18. Appraisal 401
Fair Market Value 403
Current Market Value 403
Oddballs and Custom Yachts 404
Appraisal Guides 406
Determining Original Cost 408
Extra Equipment 409
Learning about Equipment 410
Repair Costs 411
Geographical Considerations 411
Contingency Values 412
Excerpt: Chapter 18
Surveyors provide appraised values on pre-purchase survey reports because they are needed by banks and insurance companies who loan money and insure the boats soon after they are purchased.
About 95% of my clients purchasing boats call me to perform a survey, not an appraisal, which are two entirely different things.
But, given the fact that insurance companies and banks have come to rely on survey reports, we have become stuck with this long standing practice.
In essence we are suppling a free service to these businesses that ought to be commissioning their own appraisals, just like they do in their very own real estate business.
Never underestimate the ability of these outfits to squeeze a dime from someone else. Leave the appraisal out of your report and you're guaranteed to get two phone calls, one from a bank and the other an insurance company, asking you did not provide them with this free service.
Lately there have been a number of surveyors who have been certified by the American Society of Appraisers and who have raised a lot of questions about marine appraisals.
Some have suggested that all surveyors should employ complicated rules and formulae for appraising boats. Some have advanced the notion that all surveyors should have an ASA certification.
My view is that we should first understand that there is a world of difference between a survey and an appraisal. When a client calls asking for an appraisal, that is an entirely different function.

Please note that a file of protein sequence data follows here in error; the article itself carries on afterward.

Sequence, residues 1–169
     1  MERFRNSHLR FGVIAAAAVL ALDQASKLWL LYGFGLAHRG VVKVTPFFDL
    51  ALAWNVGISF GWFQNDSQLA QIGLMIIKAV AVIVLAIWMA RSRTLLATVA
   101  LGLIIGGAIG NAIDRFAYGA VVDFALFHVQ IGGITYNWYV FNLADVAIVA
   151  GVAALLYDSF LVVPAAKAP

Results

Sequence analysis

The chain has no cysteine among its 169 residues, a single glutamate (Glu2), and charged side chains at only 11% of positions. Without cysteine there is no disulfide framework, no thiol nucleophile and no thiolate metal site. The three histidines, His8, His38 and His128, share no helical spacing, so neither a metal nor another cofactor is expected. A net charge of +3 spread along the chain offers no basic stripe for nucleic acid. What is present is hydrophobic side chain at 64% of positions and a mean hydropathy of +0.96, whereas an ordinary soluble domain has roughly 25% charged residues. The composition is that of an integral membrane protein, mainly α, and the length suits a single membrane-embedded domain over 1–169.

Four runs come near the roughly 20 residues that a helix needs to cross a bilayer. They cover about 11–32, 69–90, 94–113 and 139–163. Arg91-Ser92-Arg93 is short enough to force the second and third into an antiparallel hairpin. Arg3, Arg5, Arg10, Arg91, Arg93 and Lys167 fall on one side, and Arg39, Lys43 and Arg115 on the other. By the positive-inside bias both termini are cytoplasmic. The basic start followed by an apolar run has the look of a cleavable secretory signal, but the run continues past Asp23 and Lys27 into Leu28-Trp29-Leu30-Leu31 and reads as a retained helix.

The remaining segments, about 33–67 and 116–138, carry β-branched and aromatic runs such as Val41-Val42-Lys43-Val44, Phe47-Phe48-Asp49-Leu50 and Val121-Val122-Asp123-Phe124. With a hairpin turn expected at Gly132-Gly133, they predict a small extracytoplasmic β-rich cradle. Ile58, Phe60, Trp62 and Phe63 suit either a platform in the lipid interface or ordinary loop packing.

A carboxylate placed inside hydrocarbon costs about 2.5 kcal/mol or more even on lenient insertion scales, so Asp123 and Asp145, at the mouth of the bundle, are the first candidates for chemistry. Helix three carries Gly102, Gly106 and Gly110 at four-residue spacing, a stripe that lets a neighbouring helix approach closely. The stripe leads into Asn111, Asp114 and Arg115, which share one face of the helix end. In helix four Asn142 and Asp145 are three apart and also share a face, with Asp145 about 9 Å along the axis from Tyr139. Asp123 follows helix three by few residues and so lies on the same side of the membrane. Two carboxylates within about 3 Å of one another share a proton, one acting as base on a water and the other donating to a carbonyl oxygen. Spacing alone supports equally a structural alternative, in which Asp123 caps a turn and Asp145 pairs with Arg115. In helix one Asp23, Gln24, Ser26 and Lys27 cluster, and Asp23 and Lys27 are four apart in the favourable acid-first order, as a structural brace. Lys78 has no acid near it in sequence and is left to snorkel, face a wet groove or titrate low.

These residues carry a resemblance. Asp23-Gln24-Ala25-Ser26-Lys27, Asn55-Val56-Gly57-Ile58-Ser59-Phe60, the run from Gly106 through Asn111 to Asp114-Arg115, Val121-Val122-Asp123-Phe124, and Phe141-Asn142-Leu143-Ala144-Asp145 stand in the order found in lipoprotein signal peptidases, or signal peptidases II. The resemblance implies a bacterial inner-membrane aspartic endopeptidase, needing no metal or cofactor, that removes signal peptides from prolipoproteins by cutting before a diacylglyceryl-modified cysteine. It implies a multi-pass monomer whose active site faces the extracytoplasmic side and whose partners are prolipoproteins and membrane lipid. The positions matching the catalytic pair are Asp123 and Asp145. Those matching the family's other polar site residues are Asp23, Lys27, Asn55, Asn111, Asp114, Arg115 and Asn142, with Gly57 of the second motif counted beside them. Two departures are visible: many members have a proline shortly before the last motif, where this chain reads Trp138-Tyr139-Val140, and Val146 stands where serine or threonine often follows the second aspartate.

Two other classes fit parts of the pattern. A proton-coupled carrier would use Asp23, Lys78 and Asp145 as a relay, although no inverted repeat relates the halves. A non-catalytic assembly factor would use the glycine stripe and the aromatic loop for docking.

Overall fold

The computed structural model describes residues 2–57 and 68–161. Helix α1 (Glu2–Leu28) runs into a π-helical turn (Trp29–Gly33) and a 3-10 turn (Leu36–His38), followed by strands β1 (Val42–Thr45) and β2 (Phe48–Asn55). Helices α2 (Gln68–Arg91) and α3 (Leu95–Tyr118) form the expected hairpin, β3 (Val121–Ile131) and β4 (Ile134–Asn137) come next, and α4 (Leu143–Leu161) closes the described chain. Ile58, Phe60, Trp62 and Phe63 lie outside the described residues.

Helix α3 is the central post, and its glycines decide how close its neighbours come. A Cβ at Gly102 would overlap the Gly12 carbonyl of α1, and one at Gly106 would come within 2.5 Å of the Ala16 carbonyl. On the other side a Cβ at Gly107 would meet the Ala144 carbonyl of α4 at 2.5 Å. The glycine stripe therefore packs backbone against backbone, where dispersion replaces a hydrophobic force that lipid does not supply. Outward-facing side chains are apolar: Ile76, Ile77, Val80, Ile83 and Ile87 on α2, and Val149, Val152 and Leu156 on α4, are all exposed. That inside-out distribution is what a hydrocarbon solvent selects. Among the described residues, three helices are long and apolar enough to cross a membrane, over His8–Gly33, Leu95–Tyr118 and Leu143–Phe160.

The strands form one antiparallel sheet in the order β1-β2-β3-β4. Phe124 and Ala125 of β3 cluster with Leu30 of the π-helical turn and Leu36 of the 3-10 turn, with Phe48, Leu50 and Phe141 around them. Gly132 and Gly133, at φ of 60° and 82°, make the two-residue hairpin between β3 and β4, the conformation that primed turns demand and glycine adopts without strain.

The vast majority of surveyors consider appraising the value in the course of a pre-purchase survey to be a secondary function. They do it only because banks and insurance companies request it, yea demand it.
The fee we charge is for surveying, not for appraising. I don't see how anyone could perform a proper appraisal in less than a half-day's time, and yet I don't know any surveyor who spends more than an hour or so doing it on a buyer's survey.
Very few of my clients ever even ask me about price (they've studied the market so they know what's available at what price better than I), so I consider my appraised value more in terms of providing a reasonable valuation for lenders and insurers and not as the formal practice of appraising the vessel's worth.
Given my druthers, I'd just as soon not place a value in my reports. If the client also wants an accurate appraisal, then I would charge an additional fee for the time it will take me to do the research. This almost never happens.
(Additional spaces are added for easy screen reading.)
- 2nd Edition
by David H. Pascoe
Publisher: D. H. Pascoe & Co., Inc.
David Pascoe - Biography
David Pascoe is a second generation marine surveyor in his family who began his surveying career at age 16 as an apprentice in 1965 as the era of wooden boats was drawing to a close.
Certified by the National Association of Marine Surveyors in 1972, he has conducted over 5,000 pre purchase surveys in addition to having conducted hundreds of boating accident investigations, including fires, sinkings, hull failures and machinery failure analysis.
Over forty years of knowledge and experience are brought to bear in following books. David Pascoe is the author of:
- "Mid Size Power Boats" (2003)
- "Buyers’ Guide to Outboard Boats" (2002)
- "Surveying Fiberglass Power Boats" (2001, 2nd Edition - 2005)
- "Marine Investigations" (2004).
In addition to readers in the United States, boaters and boat industry professionals worldwide from over 70 countries have purchased David Pascoe's books, since introduction of his first book in 2001.
In 2012, David Pascoe has retired from marine surveying business at age 65.